Today, being data driven will provide your organisation with an competitive advantage by optimizing its relevant business processes. Moreover, being data driven is actually mandatory in a world where more and more competitors master data themselves. In particular, this not really about whether your organisation has or has not found optimal processes yet, but it is rather a question of how fast it can adapt to a rapidly changing economic environment.
Data Thinking is the process of making an organisation data driven. It is an holistic approach to build and exploit the organisation’s data potential. The outcome of Data Thinking is a data strategy that
Data Thinking can not only be applied once. It can very well be used to improve upon existing data infrastructures. In fact it is best applied as part of an interative lean data process where the biggest “data wins” are identified in a first data thinking step, these wins are then implemented in an MVP (minimum viable product), the resulting KPI are used to improve the measured processes and the feedback from this MVP is used to continue with the next data thinking iteration.
Unlike traditional big data initiatives within organizations, Data thinking will identify actionable data/KPI first before anything is being implemented. Together with a lean data approach it will avoid building complete and extensive data infrastructures that eventually do not provide the right data or are not being used because the thinking within the organisation is not yet data driven.
In order to achieve this, data thinking is modelled after the design thinking process. It is trying to build a data strategy by taking the perspective of the (internal) customer - in this case the stakeholders that are involved in decisions along the processes - and defining KPI which support these decisions. It is a team effort where an internal or external data expert is steering the process and is inviting ideas and feedback from the stakeholders.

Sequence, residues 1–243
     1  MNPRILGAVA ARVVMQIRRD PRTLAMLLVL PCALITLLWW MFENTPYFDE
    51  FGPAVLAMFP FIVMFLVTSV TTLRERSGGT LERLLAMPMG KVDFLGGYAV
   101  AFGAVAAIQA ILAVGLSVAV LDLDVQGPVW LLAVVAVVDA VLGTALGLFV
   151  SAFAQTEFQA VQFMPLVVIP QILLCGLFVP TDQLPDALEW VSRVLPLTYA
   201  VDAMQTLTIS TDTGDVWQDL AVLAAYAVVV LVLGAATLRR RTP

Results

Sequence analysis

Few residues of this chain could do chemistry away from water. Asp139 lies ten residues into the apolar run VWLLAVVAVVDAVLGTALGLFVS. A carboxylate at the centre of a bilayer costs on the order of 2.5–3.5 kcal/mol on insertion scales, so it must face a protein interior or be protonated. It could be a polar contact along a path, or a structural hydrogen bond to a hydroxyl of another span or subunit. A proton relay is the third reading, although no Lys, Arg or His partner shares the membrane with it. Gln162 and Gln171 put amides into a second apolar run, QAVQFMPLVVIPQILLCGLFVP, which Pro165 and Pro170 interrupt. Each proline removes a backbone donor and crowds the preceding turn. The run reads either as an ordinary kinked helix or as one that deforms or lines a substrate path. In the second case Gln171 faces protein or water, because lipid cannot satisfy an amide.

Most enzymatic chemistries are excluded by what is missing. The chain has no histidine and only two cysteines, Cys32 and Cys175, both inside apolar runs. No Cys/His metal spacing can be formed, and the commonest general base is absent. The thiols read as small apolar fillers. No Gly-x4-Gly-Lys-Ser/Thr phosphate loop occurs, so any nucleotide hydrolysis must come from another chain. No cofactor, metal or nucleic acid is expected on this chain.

The detailed steps of Data Thinking follow the design thinking process very closely and are described in the following.
1. Understand the business model
Which Processes exists in the organisation? How business relevant are they (in terms of success/revenue impact or levers)? Which data is used by which departments. What is the feedback on the current situation by various stakeholders.
This could be a “pull” task, i.e. the expert is requesting feedback from stakeholders, but might also be a first “Analysis Workshop”, in particular if there isn’t a clear picture of business relevant processes in the organisation.
Analyse the available data and compare it to the feedback given by the stakeholders in the previous step.
This is done by the data expert.
3. Define data model
Define a first data model with relevant and/or missing data sources, business relevant KPI, split up by process/department if applicable.
Done by the data expert.
4. Defining and prioritizing first iteration